The grandfather of a 6-year-old who survived an Italian cable car crash in May that killed his immediate family and is now the target of a bitter custody battle, on Friday defended his decision to bring the child to Israel from Italy last week, denying he kidnapped the boy.
Eitan Biran has become the subject of a legal fight after his parents, baby brother and two great grandparents were all killed when a cable snapped on the aerial tram bringing weekend visitors to the top of the Piedmont region’s Mottarone Mountain on May 24. A total of 14 people were killed, with Biran, who was hospitalized for weeks, the only survivor.
Biran’s paternal relatives say he was taken out of Italy last week without their knowledge and have filed a legal complaint seeking his return.
Shmulik Peleg, his maternal grandfather, was questioned by Israeli police on kidnapping suspicions and placed under house arrest amid an ongoing investigation.
In an interview with Channel 12 broadcast Friday, the 58-year-old Peleg said Biran was “happy, surrounded by his family members.”
“He is in the place where he is supposed to be, in his home, in Israel,” he said.
“My life changed when we lost five people in a horrific disaster,” he added. “Three generations were wiped out in one moment, and that’s something that leaves you with a hole in your heart. You are a completely different person afterwards.”
Eitan and his parents were living in Italy at the time of the accident, and after his release from a Turin hospital following weeks of treatment, Italian juvenile court officials ruled the child would live with his paternal aunt, Aya Biran-Nirko, an Israel-born doctor, near Pavia, in northern Italy.
The aunt and her husband want to raise Eitan alongside their two daughters, while a maternal aunt in Israel has also said she wishes to adopt the child.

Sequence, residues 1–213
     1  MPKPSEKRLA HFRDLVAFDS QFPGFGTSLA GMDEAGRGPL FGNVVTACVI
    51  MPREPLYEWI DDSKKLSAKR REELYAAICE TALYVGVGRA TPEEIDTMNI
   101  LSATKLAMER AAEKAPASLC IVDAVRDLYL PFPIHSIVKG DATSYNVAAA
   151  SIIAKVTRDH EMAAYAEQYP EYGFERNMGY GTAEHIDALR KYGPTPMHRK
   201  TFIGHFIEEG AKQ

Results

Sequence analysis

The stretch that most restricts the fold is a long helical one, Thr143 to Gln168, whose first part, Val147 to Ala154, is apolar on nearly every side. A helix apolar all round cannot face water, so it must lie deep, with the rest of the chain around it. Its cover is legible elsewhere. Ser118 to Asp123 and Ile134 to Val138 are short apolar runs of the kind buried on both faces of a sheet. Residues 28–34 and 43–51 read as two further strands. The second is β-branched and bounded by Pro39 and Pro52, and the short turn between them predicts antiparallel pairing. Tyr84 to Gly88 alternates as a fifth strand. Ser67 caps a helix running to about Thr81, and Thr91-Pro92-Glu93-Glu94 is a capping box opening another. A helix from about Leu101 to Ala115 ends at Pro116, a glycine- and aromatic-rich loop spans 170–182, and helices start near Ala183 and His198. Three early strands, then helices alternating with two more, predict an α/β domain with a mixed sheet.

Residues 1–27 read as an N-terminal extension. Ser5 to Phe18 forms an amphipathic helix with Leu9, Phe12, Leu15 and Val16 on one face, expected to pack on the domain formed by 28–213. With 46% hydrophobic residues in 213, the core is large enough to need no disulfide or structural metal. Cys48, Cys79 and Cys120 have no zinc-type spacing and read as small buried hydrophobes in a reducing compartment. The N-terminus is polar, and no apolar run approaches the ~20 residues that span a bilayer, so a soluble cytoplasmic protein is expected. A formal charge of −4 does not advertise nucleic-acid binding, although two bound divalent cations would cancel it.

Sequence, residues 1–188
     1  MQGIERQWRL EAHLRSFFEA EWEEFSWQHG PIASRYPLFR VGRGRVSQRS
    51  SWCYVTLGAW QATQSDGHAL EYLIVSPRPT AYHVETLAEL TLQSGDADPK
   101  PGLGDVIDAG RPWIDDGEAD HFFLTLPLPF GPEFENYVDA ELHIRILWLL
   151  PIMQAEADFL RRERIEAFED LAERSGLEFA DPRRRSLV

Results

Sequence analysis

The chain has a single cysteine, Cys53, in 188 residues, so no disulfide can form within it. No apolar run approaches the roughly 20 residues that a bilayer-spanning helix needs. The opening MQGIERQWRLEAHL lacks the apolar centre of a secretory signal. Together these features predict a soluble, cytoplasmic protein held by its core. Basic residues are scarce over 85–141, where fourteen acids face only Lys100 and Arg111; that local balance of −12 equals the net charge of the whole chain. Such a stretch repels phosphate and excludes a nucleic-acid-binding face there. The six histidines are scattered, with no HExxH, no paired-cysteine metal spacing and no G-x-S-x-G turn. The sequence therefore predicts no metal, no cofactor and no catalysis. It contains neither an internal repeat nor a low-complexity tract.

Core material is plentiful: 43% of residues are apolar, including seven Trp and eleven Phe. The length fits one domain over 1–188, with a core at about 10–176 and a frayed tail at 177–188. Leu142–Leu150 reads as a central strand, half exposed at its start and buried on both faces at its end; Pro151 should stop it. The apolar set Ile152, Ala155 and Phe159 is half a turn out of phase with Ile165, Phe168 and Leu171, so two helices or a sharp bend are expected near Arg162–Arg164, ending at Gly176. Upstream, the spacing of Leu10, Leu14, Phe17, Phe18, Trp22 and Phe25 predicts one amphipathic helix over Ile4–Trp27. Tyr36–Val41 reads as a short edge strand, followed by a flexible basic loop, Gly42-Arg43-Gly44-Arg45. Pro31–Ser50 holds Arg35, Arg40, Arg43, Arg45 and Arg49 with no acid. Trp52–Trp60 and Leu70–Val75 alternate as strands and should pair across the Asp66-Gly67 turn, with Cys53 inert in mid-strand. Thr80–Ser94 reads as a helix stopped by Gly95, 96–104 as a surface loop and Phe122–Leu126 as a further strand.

Peleg acknowledged driving the child from Italy into Switzerland before flying him back to Israel, saying “we departed in a totally legal way.” He insisted that his “thoughts are devoted only to the good of the child, the good of Eitan.”
Peleg claimed he did not take a regular flight out of Italy because he wanted to travel with the child as fast as possible without exposing him to other people. He said that Israeli authorities had approved his and Eitan’s passports the day before they made the journey.
Italian authorities opened an investigation this week. The boy’s paternal aunt filed a formal request with the Italian court system seeking Eitan’s return to Italy, saying that Peleg last Saturday had failed to return Eitan to her home as agreed.
Eitan’s relatives in Israel deny abducting him and insist they are acting in his interest.
However, prosecutors in the northern Italian city of Pavia said they were seeking the return of the child to Italy in accordance with the Hague Convention on Children’s Rights, accusing Peleg of aggravated kidnapping.
“The Hague? I’m a grandfather, I’m the boy’s grandfather. I do not know about The Hague, I am the grandfather of the child,” he told Channel 12. Peleg said that he held legal consultations before spiriting Biran out of Italy.
Peleg was also questioned on his past conviction for domestic violence — in 2003, he entered a guilty plea for four counts of violence against his wife and was sentenced to 15 months probation and a fine.
Peleg said the conviction did not have “the smallest or most basic connection to Eitan” and pointed to the fact that he was given joint custody of his children in his divorce settlement a number of years after the conviction.
Peleg told Channel 12 he had given up on contesting custody in the Italian court system and said he expected the boy to understand once he got older.
“I believe that one day Eitan will grow up and say grandfather, you did everything for me, you saved me,” he said, breaking into tears. “And my daughter, who one day will meet me in heaven, will be proud of me that I saved her son.”
Meanwhile, after Italian officials met with the boy in Tel Aviv a day earlier, two of the child’s paternal relatives met with Eitan in Israel on Saturday at his grandfather’s home.
Eitan’s uncle Hagai and his wife played with the boy for a little over an hour and said in a statement via their lawyers that although the child seemed to be physically well, “it was worrying to see that little Eitan showed clear signs of incitement and brainwashing.”